Once upon a time, there was a famous person, who made a famous piece of art, but get this: the famous piece of art was inspired by the events he experienced in his life. In other words, my friends, we have here yet another "Shakespeare in Love about _____" movie, with the blank this particular time being filled by the beloved 1843 novella A Christmas Carol. Admirably, screenwriter Susan Coyne, adapting a book by Les Standiford, had the restraint to avoid making The Man Who Invented Christmas a story about how Charles Dickens was a miserable skinflint before he was visited by ghosts, though there is an "It's Christmas Day! I haven't missed it!" sequence.

After a somewhat useless prologue centered around the author's first American tour, the film picks up in October 1843, with our boy Charles (played Dan Stevens; the role of Charles Dickens's hair is played by a truly alarming wig) having a professional crisis. After the monstrous success of The Pickwick Papers, Oliver Twist, and The Old Curiosity Shop, Dickens's has had three consecutive flops: Barnaby Rudge, the nonfiction American Notes for General Consumption, and Martin Chuzzlewit have all left audiences and some reviewers cold (at this point, Martin Chuzzlewit was only about halfway through its serialised publication; but shame on you if want good literary history from this movie). He can't come up with any ideas, but as he wanders around London, he starts picking up scraps of ideas from the people he meets, particularly one ice-cold sonofabitch (Christopher Plummer) who's the only mourner at the funeral of a wealthy businessman. He also has the good fortune to have a brand-new servant in his house, an Irish orphan named Tara (Anna Murphy), and her enthusiastically macabre tales help to capture his fancy. In hardly any time, the author is having vivid hallucinations of all the characters in his yet-untitled tale of Christmas charity, with the old asshole at the funeral reappearing in the form of the squeezing, wrenching, grasping, scraping, clutching, covetous old sinner Ebenezer Scrooge, and transcribing their words and acts in a frenzied act of composition that takes just six weeks.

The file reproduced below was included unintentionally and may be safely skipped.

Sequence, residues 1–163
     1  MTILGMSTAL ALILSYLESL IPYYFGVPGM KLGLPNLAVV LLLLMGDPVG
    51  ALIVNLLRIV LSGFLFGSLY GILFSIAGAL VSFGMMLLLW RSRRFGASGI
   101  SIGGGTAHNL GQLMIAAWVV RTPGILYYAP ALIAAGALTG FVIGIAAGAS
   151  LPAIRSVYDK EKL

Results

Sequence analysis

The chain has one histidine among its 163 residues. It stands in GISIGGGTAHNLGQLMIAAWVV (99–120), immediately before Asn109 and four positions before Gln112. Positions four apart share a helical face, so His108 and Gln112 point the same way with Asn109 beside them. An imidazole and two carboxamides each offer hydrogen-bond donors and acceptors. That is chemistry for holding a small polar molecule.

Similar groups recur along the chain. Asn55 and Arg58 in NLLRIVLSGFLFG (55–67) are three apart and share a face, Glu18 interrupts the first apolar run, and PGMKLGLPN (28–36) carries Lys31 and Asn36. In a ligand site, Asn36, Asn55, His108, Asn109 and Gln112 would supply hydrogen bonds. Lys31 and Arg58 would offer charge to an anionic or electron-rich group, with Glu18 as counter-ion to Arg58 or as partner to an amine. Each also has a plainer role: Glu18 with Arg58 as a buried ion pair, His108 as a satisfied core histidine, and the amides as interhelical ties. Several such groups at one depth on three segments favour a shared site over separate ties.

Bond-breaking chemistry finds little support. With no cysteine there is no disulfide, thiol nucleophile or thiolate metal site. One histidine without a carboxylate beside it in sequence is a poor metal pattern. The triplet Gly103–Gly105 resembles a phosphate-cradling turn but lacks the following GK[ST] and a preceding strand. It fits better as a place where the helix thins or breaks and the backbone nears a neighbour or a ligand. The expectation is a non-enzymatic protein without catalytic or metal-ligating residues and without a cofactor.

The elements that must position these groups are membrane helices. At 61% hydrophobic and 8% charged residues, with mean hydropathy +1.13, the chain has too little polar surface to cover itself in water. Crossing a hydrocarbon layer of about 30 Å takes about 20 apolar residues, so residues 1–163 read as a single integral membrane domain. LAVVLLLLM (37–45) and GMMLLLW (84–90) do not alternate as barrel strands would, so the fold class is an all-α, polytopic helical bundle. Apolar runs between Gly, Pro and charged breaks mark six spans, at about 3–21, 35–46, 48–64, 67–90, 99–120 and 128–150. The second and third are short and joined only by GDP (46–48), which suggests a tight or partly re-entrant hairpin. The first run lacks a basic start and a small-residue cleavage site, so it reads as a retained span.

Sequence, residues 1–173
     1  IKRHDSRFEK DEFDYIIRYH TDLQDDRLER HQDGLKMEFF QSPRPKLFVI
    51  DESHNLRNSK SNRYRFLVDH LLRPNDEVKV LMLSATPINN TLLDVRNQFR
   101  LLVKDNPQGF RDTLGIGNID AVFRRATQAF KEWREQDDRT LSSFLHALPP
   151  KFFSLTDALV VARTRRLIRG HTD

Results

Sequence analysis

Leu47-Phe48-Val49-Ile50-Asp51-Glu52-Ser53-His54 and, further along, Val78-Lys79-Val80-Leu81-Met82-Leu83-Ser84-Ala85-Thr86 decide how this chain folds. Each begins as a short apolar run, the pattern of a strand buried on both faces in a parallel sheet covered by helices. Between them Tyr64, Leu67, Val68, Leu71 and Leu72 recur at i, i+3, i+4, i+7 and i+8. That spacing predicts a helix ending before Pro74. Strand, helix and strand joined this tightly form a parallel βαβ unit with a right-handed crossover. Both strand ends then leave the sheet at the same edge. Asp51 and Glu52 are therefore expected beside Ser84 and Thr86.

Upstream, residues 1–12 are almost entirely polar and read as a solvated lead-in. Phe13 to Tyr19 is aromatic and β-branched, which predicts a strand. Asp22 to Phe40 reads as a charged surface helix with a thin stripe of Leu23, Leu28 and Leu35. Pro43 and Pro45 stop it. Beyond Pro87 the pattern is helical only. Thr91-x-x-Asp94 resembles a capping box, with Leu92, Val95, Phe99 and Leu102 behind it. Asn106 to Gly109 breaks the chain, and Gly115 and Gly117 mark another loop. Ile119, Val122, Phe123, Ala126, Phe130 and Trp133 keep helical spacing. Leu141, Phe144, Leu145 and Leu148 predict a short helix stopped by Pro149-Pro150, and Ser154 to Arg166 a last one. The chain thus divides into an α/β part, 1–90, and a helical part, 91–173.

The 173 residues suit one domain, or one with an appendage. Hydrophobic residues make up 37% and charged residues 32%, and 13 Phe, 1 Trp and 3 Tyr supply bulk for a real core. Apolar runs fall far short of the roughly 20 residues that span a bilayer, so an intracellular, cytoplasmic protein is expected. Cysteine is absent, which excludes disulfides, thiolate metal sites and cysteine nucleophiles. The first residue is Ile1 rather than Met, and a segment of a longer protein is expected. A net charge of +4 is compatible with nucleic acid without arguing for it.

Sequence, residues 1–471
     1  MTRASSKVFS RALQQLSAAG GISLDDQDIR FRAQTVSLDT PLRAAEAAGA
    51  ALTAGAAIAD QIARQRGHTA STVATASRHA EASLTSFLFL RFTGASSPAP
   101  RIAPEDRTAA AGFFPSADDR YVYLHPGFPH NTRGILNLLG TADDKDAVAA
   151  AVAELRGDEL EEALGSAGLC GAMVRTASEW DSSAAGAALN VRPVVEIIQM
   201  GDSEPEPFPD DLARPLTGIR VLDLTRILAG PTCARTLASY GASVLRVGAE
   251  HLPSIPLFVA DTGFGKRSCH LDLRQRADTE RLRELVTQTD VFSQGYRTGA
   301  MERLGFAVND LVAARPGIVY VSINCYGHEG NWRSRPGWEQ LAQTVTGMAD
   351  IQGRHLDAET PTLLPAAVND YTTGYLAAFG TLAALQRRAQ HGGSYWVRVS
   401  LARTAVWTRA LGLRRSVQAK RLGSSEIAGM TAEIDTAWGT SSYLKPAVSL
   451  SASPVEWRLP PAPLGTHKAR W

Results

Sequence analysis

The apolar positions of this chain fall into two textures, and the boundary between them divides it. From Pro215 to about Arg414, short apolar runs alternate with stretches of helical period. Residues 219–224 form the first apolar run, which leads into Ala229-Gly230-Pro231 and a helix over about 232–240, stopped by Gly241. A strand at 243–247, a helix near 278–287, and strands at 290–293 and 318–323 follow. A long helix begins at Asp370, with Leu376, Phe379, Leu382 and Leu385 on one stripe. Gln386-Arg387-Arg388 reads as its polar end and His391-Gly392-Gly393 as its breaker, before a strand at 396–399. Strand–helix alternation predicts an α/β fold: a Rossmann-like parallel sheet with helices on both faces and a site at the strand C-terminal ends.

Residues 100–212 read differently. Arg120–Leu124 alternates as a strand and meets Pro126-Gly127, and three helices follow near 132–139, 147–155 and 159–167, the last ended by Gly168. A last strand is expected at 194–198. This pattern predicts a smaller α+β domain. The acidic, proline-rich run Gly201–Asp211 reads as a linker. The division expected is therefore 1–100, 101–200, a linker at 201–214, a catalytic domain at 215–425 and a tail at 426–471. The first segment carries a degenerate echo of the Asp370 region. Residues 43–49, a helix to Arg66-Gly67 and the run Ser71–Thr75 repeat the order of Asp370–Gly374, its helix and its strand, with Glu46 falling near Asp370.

The end result is the book that did, in fact, do more than probably any other single text to inform how the English-speaking world celebrates Christmas (I do not exclude the Christian New Testament from this estimate). Though if there's one thing curiously absent from this film titled The Man Who Invented Christmas, it's any bits where the man invents Christmas. Mostly, this is just an opportunity to re-run the same set of moral themes already present in the book - charity is better than greed, and the poor are poor because of misfortune and capitalism, not because of their moral failures - by positioning them within the context of Dickens's own life. And if there exists anyone who would, in 2017, go out of their way to watch a biopic of Charles Dickens, while remaining unaware that Charles Dickens spent his childhood in a workhouse, and had a lifelong hatred of the callous rich and governmental indifference to poverty as a result, I am sure that the film's twist ending where the above things are revealed would come as quite an amazing revelation.